The Bulls tucked this one away during a two-minute stretch of the second quarter. Leading 6-0, Northwestern used ball-hawking skills on defense and special teams to build a 21-0 edge.

Boone, which is located less than four miles from the Citrus Bowl, nearly gave its fans a reason to cheer. Late in the second quarter the Braves marched to the Northwestern 5-yard line but the Bulls forced a fumble and dashed Boone's best scoring opportunity of the game.

The second TD of the stretch occurred on a blocked punt as Sean Spence returned it seven yards for the score with 3:44 left in the first half.

Tevin McCaskill's 25-yard TD grab made it 28-0 early in the third quarter and the route was on.

Wide receiver Kendal Thompkins scored twice in the third quarter, catching a 25-yard pass from Harris and then returning a punt 69 yards. Backup quarterback Wayne Times threw a 29-yard TD pass to Aldarius Johnson (seven receptions, 84 yards) to close out the scoring.

"We showed all the doubters we are the No. 1 team in the nation," said Johnson, who is one of six Northwestern players headed to the University of Miami next season. "We went to Texas and beat the No. 2 team [Southlake Carroll] and now a second state title."

The Bulls learned a lot from that September game with Southlake Carroll. In front of a hostile crowd of nearly 32,000, Northwestern topped then-No. 2 Southlake Carroll 29-21. Needless to say, big games and big crowds are hardly intimidating for the Bulls.

"We matured as a team from games like that one," Harris said.

When the top-ranked Bulls emerged from the tunnel for pregame warm-ups, the orange-clad Boone faithful serenaded them with chants of "overrated."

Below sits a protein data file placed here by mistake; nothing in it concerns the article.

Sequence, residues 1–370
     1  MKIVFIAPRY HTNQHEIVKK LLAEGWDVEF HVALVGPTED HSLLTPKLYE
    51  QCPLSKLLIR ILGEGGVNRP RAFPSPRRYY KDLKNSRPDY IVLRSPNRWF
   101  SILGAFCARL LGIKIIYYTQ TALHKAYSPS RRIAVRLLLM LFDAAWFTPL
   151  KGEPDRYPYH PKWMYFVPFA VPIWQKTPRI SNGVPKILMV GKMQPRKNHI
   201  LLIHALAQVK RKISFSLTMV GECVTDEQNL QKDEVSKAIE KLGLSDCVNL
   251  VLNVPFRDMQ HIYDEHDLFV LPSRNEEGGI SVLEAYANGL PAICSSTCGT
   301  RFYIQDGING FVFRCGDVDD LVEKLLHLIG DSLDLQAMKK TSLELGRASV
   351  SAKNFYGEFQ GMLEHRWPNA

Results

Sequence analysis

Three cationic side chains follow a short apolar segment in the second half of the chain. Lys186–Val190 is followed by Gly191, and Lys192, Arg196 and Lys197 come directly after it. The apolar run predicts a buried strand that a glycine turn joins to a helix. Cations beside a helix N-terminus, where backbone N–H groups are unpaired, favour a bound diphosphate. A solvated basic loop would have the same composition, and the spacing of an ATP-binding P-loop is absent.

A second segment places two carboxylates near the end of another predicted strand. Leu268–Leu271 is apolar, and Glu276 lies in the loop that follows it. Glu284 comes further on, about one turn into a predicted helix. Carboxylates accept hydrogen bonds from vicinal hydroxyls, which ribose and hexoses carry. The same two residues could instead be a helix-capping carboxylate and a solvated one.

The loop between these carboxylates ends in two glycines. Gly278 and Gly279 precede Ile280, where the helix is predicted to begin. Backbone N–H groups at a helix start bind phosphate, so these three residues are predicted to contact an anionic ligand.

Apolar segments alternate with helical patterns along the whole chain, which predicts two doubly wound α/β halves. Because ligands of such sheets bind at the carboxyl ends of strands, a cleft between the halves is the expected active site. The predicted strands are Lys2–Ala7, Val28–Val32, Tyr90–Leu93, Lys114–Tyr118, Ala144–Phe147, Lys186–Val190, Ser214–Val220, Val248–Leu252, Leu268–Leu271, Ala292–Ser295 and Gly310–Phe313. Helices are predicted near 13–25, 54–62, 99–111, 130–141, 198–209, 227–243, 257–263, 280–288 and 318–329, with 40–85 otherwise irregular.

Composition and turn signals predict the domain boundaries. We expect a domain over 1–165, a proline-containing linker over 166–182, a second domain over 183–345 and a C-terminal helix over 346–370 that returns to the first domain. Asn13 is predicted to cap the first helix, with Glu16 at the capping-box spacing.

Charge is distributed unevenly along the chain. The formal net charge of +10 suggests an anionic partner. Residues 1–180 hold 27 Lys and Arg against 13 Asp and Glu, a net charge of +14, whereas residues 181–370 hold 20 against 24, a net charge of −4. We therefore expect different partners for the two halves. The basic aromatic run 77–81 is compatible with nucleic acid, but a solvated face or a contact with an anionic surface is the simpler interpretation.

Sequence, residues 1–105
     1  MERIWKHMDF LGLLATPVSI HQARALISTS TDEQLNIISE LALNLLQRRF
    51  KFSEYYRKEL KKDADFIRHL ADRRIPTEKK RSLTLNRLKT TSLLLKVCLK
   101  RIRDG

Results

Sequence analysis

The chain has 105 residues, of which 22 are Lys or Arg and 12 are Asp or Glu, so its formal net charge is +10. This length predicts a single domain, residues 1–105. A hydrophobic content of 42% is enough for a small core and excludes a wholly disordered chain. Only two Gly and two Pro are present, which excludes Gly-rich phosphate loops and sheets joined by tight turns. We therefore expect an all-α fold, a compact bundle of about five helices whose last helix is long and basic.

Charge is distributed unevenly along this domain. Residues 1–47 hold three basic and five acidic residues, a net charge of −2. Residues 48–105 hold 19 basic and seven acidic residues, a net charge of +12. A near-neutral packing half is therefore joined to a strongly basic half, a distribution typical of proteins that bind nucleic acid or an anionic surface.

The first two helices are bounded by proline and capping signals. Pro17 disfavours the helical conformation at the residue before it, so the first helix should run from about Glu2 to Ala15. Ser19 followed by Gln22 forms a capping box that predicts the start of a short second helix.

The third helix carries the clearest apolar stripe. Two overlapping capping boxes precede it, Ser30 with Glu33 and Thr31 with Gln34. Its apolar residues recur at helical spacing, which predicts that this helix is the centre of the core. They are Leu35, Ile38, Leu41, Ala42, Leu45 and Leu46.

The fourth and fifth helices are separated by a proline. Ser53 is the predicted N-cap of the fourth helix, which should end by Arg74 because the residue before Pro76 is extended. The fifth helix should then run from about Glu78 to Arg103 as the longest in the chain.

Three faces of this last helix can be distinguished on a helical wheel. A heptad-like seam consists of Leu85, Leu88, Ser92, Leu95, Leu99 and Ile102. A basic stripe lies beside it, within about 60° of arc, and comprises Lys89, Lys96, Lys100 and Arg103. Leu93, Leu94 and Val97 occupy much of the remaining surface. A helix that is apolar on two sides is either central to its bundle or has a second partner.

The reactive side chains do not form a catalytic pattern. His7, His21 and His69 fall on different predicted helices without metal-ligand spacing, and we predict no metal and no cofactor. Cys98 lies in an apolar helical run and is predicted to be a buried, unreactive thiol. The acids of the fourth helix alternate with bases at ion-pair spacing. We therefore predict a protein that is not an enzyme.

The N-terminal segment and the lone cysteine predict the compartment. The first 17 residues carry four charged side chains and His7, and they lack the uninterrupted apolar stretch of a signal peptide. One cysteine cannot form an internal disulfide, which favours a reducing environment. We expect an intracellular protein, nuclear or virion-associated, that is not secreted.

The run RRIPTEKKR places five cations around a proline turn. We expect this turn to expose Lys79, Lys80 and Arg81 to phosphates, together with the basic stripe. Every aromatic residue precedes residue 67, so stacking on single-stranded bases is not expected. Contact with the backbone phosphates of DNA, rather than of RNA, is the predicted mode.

The words only motivated the Bulls; the defense limited Boone's star running back James Washington to 54 yards on 13 carries. Washington entered the game with 925 rushing yards and 15 TDs. The Bulls outgained Boone in yardage, 120-9, in the opening 12 minutes.

Northwestern's victory was the third for a South Florida school this month. Earlier in the day, No. 4 Booker T. Washington (Miami) captured the Class 4A crown and No. 10 Pahokee took the 2B title last weekend.

Cheryl Golden, the commissioner of the 38-school Greater Miami Athletic Conference, proudly raised two fingers afterwards.

"That's two for two," she said referring to GMAC members BTW and Northwestern corralling state titles Saturday. And Golden wasn't shy about labeling the Bulls as one of the greatest teams in state history.

"No one I've seen comes remotely close to them," she said.

Christopher Lawlor has covered high school sports for more than 20 years, most recently with USA Today, where he was the head preps writer responsible for national high school rankings in football, baseball, and boys and girls basketball. He also worked for Scholastic Coach magazine, where he ran the Gatorade national player of the year program for nine years. Lawlor, a New Jersey resident, grew up in Rochester, N.Y., and is a graduate of St. Bonaventure University.

Christopher Lawlor

High School Basketball
Christopher Lawlor has covered high school sports for more than 20 years, most recently with USA TODAY, where he was the head preps writer responsible for national high school rankings in football, baseball and boys and girls basketball. He also ran the Gatorade national player of the year program for nine years.